strawberry & rhubarb jam
A word of advice: If you (somehow) happen to find yourself with five punnets of almost-too-ripe strawberries on the morning of a wedding, and happen to be sick and in recovery on the Sunday immediately following, don’t toss them in a bag in the freezer without hulling them first.
Why? Because you may, like me, end up perched next to the sink on the following Saturday morning with almost a kilo of rock-solid, completely frozen strawberries to hull before you can do anything with them.
And, in the course of hulling said frozen strawberries (which now resemble dirty red blocks of ice), you may, say on the second strawberry, get distracted and stick the tip of a knife into your index finger.
Which is not so bad, seeing as your fingers are already frozen and therefore not likely to bleed badly. But which is also inconvenient as you then have to bandage said finger and wear latex gloves whilst cooking for the rest of the afternoon.
Don’t say I didn’t warn you.
Following the hulling-before-freezing technique will, however, leave you with a very easy Saturday morning’s work that results in a lovely, ruby-red compote (which recipe will grace these pages soon) and four stout pots full of slightly chunky, slightly goopy, spicy, warming jam. Â Jam that tastes like the fruit from which it’s made, and not of bucketloads of sugar. Â Jam with a gloopy. slightly fibrous mouthfeel. and which doesn’t cut into neat cubes like the homogenised, gelatin-filled versions one may happen across at the shops.
Jam that, when fed to the Bean on the tip of a teaspoon, has her so excited that she clambers around looking for scones on which to eat it.
“Where’s the scones Cherlie?!” she will say, opening cupboards, fridges and drawers.
“There are none.” I will reply, forgetting the pumpkin scones, frozen for a rainy day.
“Well then!” she will reply, pulling out flour, butter and cream “I’ll just have to make some! Where’s your scone recipe huh?”
So the Bean made scones, and I made haste, for I was heading out to a housewarming that stormy Saturday afternoon. When I returned, fresh scones with cream! And half a bottle of jam already gone – eaten on said scones as well as slices of toast, salty water crackers and straight from the jar.
“You might make some more for your grandfather” said dad, having noticed the relative lack of sugar. (I know, 600g of sugar is a huge amount of sugar, but seeing as most jam recipes call for equal sugar:fruit ratios by mass, it’s a relative drop).
“Can I give some to my friends?” said mum, eyes harried at the thought of Â a four person household, three stout bottles of jam and a kitchen renovation en route.
“To whom?” said I.
“Away?” said dad.
“No way!” said the Bean.
And the matter has not been mentioned since. Â Particularly not since the second bottle was opened with a resounding “pop!”, and certainly not after half Â its contents disappeared in the hours after.
strawberry & rhubarb jam
Having only made jam twice previously, I was slightly concerned that my recipe wouldn’t result in a set jam. Â Strawberries are low in pectin, you see, and I wasn’t keen on adding the powdered version to my pot. Â The sugar content is also lower (due to the high blood sugar levels that run amok in our family), which had the potential to further upset the jam’s ability to set. Â No matter! Lemons to the rescue! Don’t skip this step as the seeds and rind contain natural pectin that will help the jam to set into a goopy mass – perfect for spreading on toast or dolloping on scones.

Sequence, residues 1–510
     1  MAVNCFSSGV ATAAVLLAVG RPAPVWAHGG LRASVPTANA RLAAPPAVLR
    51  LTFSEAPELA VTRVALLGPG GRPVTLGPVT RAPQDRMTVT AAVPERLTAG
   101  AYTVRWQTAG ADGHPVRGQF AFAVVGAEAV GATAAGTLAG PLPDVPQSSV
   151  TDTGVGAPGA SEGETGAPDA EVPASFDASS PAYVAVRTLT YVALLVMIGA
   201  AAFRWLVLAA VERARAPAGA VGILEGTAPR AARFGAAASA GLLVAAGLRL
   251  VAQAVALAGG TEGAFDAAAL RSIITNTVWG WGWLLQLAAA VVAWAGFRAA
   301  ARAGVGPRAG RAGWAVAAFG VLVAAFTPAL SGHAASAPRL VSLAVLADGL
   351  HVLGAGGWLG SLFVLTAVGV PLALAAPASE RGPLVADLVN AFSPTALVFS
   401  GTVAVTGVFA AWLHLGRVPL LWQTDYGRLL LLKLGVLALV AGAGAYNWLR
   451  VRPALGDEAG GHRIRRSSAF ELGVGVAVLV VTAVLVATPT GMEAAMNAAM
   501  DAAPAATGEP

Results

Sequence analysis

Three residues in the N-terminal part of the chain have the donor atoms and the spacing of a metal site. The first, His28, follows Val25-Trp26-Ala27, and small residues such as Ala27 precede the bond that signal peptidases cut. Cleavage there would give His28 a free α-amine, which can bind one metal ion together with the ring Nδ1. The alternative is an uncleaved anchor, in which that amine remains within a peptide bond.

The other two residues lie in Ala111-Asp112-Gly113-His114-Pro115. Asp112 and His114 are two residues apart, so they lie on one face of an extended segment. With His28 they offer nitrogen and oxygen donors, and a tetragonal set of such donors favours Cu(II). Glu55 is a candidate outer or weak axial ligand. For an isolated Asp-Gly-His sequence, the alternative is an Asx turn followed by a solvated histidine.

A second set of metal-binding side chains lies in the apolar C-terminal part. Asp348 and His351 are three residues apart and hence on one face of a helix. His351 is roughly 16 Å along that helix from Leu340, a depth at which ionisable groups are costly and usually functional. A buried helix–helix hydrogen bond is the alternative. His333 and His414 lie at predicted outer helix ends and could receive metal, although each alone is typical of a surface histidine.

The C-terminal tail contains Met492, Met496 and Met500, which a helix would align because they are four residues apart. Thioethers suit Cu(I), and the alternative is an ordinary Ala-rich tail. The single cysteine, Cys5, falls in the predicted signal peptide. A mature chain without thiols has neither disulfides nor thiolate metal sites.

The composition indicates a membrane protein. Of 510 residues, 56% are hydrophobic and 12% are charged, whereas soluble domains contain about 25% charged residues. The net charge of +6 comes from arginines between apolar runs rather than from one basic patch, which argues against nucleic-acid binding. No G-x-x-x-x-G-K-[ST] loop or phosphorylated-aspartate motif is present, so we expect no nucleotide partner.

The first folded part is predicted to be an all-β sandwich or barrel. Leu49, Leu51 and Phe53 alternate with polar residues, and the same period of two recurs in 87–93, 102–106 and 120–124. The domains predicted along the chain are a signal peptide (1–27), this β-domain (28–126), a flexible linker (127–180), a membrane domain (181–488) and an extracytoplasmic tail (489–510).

you will need:
400g rhubarb, chopped into 1cm pieces (1 medium bunch)
600g strawberries, hulled & halved (approx 3 punnets)
500g white sugar
100g brown sugar
2tsp ground nutmeg
4 jam bottles (300ml)
how to do it:
1. Wash the rhubarb, trim the poisonous leaves off and discard them. Â Chop the rhubarb up into 1-2cm lengths. Â Hull the strawberries & halve or quarter them so that they’re about the same size as the rhubarb chunks. Â If you want your jam a little chunkier, leave some whole.
2. Peel the lemons using a vegetable peeler. Â It’s ok to get a bit of pith at the same time in this recipe. Â Squeeze the lemons into a bowl lined with a chux wipe or piece of muslin. Â Bundle it up with a piece of string so that the cloth contains the seeds of three lemons, and the juice is left in the bowl.
3. Tip your fruit, sugar, lemon juice, lemon rind and nutmeg into a heavy bottomed pot and stir.
4. Turn up the heat. When the mixture bubbles and boils and froths up, turn the heat down and cook the jam gently over a lower heat for 35-40 minutes, stirring occasionally.Â Whilst the jam is cooking, pop a plate into the freezer for testing the consistency of the jam later on. Â Wash your jam jars thoroughly with hot soapy water and dry upside down on a cake rack.
5. To test the jam, drop a spoonful on the cold plate and wait thirty seconds until the jam is cool to touch. Run your finger through the middle of the jam blob. Â If the jam stays in two separate blobs, it’s ready.
6. Ladle the jam into your pre-washed jars, filling to approximately 1.5cm from the top rim. Â Place the lids on. Â From here, you can either tip the jars on their heads and leave them until the seal pops in, or pasteurise them by wrapping the jars in cloth and popping them in a pot of boiling water for 15 minutes. Â If you pasteurise them by boiling, make sure the water level is always a couple of centimetres higher than the top of the jam jars and leave them to cool in the water before storing in your cupboard. Â The jam will keep for 2-3 months at room temperature when pasteurised.